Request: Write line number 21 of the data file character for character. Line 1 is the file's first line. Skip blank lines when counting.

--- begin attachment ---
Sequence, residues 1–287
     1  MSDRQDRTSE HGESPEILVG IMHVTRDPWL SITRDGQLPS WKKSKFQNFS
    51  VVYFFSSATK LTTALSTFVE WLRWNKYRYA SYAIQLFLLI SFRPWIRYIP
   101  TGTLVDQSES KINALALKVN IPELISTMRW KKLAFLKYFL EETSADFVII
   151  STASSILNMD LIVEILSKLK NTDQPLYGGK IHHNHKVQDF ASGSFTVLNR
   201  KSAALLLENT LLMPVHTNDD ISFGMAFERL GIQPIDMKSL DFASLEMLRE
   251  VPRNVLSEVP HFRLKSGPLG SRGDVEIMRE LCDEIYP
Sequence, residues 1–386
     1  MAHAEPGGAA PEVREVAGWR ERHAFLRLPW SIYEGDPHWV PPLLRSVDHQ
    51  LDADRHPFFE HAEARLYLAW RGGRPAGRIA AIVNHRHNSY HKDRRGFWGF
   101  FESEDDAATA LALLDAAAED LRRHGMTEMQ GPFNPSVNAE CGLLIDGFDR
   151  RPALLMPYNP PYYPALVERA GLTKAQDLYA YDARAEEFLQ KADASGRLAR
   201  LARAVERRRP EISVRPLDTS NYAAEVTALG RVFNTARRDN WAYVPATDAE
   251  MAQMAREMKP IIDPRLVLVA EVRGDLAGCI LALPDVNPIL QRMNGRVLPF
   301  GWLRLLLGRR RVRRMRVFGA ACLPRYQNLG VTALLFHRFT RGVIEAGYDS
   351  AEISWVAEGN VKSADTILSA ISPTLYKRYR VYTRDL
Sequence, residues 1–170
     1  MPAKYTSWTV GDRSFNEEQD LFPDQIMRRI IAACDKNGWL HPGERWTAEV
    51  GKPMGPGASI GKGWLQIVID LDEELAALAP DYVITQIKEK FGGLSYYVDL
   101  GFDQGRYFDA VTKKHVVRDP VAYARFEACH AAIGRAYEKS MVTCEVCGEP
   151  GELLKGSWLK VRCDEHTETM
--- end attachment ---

   151  GELLKGSWLK VRCDEHTETM